Tiverton residents should go back and read the headlines of some of the articles that the library put on its Web site supporting the bond to build a new library, such as: “Library Costs Will Increase Only Slightly” in the Sakonnet Times on October 17, 2011.
Based on historical data from the Rhode Island Office of Library & Information Services (OLIS), if the library gets the budget that it wants for next year, it will represent a 35% increase over the operating budget from that year. Families that haven’t seen much of an income increase (if any) in the past six years may not see that as “slight.”
The library’s “frequently asked questions” section from back then is worth revisiting, as well:
9. Will a larger library require a much larger staff?
A: The New Library has been designed with sight lines and room usage that will allow it to be efficiently supervised by the same size staff as Essex. The one-floor design will increase staff efficiency, as will the much-improved organization of the Library resources. Moreover, the current staff will be able to provide enhanced programs and services in the New Library. Because 80% of the library operational budget is committed to personnel costs, keeping the staffing level unchanged will keep the increase in operating costs for the new library under 10%.
If the library’s requested budget is approved, it will represent a 42% increase in the cost of staff from its level when that paragraph was written — an average increase of 6% per year. What happened to “efficiency” and “enhanced programs” at “slight” additional cost? An annual staff increase of 2% over the same years would be saving the library just under $130,000 in the upcoming budget.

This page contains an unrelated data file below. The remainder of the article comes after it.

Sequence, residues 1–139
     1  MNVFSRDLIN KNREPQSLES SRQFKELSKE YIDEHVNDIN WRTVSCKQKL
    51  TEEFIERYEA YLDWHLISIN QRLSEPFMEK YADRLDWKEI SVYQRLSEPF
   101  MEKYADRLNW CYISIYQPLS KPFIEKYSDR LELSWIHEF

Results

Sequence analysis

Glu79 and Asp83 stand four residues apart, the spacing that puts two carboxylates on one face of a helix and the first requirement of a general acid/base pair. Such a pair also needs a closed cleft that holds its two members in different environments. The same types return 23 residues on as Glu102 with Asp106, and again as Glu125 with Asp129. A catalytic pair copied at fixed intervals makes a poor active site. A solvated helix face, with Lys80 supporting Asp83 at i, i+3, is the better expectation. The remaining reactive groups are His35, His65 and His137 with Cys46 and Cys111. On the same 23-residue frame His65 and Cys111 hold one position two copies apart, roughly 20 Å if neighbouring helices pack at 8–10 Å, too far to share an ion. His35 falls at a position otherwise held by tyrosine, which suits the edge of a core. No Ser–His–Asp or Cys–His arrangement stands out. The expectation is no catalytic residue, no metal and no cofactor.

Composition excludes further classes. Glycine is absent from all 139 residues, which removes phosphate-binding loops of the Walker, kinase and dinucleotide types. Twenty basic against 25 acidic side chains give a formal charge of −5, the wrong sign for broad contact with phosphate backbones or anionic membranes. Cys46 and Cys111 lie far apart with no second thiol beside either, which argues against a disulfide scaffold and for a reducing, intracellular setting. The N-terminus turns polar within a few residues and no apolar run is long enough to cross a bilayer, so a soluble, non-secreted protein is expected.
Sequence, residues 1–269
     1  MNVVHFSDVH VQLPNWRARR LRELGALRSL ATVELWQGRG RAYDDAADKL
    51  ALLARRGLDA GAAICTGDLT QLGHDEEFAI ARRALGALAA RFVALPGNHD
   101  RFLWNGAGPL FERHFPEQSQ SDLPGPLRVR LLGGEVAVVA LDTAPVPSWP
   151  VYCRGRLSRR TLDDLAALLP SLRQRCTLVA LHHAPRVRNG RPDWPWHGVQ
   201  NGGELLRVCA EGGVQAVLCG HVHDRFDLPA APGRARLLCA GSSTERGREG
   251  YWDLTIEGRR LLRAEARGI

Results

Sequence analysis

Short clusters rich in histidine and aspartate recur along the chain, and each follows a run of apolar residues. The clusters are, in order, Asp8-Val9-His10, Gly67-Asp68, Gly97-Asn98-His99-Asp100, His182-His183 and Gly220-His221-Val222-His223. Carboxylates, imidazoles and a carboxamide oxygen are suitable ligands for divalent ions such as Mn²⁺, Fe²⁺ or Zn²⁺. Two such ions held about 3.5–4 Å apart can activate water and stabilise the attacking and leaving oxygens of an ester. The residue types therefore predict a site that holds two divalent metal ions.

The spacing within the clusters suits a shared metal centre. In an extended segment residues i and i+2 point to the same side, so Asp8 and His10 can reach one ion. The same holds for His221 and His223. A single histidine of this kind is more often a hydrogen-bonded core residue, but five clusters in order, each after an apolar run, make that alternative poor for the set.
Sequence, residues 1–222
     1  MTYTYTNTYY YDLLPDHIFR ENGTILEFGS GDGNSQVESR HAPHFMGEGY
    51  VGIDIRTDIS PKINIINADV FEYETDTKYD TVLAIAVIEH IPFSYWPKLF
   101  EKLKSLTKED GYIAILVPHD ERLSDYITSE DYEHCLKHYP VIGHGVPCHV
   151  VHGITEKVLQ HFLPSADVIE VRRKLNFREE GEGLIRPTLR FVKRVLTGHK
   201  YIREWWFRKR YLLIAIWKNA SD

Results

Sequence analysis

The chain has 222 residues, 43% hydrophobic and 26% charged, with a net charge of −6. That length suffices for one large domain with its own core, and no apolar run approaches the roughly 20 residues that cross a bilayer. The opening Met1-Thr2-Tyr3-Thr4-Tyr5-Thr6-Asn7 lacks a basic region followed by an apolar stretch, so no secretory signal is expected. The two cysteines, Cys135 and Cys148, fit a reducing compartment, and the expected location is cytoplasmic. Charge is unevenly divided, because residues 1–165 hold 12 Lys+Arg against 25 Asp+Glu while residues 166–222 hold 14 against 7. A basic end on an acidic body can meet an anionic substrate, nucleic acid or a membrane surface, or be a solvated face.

OLIS has data for all Rhode Island library systems through fiscal year 2016 — last year. By population, Tiverton Library’s total operating expenditures were 17th highest out of 48, and local taxes made up the 12th highest percentage of that budget. Our library was 6th highest in the state for the percentage of the budget that goes to employees.
For some perspective, if the local grant for the library were at the middle of the Rhode Island pack (per capita), it would have been about $92,000 lower last year, let alone the $90,000 requested increase for next year.
Tracking with the state median shouldn’t be an impossible task. After all, Tiverton Library’s budget was 26th in the state, per capita, the year before the new library opened, but it jumped almost $60,000 in one year, almost all of it for staff.
Residents can believe it’s wonderful that the new library is getting so much use and still feel like something is very wrong, here. With our combination of high taxes and tight budgets, we should insist that the library fix its problems and keep its promises until the rest of town government is back on track.